And a final tomato pie from this cookbook section is the outlier: not a sprig of basil or a sprinkle of Parmesan. In this one, the cheese is fontina and the herb is thyme.

Tomato Tart

1 (17.3-ounce) package frozen puff pastry

1 egg

4 ounces (1 cup) fontina cheese grated (you may substitute Gouda or Gruyere)

1 1/2 pounds tomatoes, cored and thinly sliced

salt and pepper

thyme sprigs

Heat oven to 400 degrees. On a lightly floured surface, roll each sheet of pastry to 11 by 11 inches. Transfer each to a parchment-lined baking sheet. Cut a 3/4-inch strip from each side.

Whisk egg with a tablespoon of water, and brush on edges of pastry sheets. Line edges with strips, forming a border, trimming any overlapping pieces on the corners. Place baking sheets in refrigerator or freezer, about 15 minutes. Brush border with egg mixture.

Use a fork to prick pastry within the border, about every half inch. Bake until just golden, 12 to 15 minutes. Sprinkle center of each tart with half the cheese, and arrange half the tomatoes on top. Season with salt and pepper, and sprinkle with thyme leaves. Repeat tomatoes, salt, pepper and thyme. Garnish with a few thyme sprigs, and return to the oven until the cheese is melted and the pastry is cooked through, about 8 minutes.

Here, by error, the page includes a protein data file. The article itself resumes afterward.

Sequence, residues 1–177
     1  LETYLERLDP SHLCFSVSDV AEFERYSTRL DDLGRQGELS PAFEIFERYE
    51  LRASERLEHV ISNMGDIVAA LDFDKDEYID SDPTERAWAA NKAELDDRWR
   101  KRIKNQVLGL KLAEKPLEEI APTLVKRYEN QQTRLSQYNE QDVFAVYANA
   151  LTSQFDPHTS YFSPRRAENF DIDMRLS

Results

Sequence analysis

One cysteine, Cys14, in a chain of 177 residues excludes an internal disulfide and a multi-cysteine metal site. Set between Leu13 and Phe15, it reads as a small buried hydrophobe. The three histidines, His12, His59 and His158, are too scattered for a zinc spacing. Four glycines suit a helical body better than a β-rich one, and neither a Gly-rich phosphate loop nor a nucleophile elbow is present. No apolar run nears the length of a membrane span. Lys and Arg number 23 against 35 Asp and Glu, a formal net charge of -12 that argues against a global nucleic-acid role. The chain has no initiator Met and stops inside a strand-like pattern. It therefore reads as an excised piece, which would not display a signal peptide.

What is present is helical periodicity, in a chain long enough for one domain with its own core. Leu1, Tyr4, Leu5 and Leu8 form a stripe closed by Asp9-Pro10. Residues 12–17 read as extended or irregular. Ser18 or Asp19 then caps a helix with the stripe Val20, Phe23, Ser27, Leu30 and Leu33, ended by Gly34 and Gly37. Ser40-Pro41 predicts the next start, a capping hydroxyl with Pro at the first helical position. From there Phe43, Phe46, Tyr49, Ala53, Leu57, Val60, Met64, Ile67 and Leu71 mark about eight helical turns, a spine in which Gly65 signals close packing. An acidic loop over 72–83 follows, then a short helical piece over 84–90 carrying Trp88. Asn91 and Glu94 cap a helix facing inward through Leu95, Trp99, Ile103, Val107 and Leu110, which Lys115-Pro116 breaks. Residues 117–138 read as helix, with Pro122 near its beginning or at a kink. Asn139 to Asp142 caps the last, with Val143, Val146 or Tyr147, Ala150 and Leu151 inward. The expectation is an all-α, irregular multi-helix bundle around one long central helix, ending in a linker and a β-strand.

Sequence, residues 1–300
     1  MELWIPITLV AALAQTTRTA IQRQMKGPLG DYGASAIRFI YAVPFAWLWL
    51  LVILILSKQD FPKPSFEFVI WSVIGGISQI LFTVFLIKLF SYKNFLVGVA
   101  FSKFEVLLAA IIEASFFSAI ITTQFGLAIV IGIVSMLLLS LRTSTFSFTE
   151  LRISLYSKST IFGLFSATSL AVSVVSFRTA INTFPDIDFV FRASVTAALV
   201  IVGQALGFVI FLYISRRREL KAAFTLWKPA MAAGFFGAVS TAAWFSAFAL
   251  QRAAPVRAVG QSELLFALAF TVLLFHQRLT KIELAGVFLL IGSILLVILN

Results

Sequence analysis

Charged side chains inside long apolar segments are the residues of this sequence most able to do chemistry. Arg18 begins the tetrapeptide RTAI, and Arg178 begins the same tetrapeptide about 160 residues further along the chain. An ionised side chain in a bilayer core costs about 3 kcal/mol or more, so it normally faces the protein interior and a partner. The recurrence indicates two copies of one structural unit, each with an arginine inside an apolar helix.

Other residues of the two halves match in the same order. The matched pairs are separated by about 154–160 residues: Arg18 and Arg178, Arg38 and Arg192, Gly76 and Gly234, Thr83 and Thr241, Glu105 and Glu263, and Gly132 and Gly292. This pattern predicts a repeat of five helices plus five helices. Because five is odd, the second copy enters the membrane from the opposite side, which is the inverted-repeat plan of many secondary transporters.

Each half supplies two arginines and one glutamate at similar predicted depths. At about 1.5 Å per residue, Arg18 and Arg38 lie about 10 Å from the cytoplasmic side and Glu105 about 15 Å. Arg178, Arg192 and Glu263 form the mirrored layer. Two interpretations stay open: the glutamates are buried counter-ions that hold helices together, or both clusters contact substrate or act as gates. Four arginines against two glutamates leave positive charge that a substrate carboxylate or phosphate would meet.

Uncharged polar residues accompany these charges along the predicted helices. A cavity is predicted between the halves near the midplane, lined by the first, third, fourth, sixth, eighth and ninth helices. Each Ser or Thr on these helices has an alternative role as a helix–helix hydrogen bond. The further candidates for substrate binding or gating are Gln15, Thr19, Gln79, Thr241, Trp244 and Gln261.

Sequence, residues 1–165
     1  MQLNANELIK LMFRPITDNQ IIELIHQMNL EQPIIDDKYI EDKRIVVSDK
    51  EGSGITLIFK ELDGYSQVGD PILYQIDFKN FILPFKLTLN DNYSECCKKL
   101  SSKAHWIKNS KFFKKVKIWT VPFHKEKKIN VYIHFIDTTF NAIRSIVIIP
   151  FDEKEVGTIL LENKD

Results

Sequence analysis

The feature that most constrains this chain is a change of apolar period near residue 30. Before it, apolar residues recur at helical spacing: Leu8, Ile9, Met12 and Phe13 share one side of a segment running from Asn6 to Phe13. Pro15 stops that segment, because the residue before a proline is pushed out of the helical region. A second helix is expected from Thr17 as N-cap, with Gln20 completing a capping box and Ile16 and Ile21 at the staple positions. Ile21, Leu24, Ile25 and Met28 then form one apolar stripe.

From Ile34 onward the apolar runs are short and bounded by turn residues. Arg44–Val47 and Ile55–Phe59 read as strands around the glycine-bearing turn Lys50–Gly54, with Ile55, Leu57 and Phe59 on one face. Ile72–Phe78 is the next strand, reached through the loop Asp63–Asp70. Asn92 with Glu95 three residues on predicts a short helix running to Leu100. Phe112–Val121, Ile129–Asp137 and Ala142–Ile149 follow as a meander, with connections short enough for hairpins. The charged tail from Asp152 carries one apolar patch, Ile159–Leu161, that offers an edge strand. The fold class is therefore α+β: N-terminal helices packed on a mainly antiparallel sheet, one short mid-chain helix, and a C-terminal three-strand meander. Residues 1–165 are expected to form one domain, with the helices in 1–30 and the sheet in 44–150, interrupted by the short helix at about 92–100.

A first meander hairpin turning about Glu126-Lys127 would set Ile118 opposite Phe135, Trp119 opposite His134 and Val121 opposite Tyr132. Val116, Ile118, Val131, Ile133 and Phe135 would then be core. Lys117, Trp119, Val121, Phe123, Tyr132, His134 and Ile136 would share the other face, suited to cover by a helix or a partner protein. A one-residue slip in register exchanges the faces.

Makes 2 tarts, 12 servings.


Another gift from “A Floured Hand Up” is this appetizer, useful with fresh summer corn or frozen.

Men Love It Hors d’Oeuvre

3 ears of white corn, blanched and scraped

2 ripe avocados, diced

1 purple onion, finely diced

1 red pepper, finely chopped

2 tablespoons olive oil

1/3 cup red wine or balsamic vinegar

1 teaspoon crushed red pepper

1 teaspoon dried oregano

Juice of 2 limes

salt and pepper

Combine all ingredients. Cover and chill 3 to 4 hours. Serve with tortilla chips.

A good brand of frozen white corn may be substituted for the fresh.

Thank you for your Wednesday morning company. It is merely essential.


— Low-carb recipes

— Veggie burgers that taste like veggies (via recipes or restaurant suggestions)

— Nonsoupy tomato pies

— Agave recipes


Fare Exchange is a longtime meeting place for people who love to cook and love to eat. We welcome both your recipes and your requests. Be sure to include precise instructions for every recipe you send, and know we cannot test the recipes printed here.

Mailing address: Jane Henegar, 913 Mount Olive Road, Lookout Mountain, GA 30750




Leave a Reply

Your email address will not be published. Required fields are marked *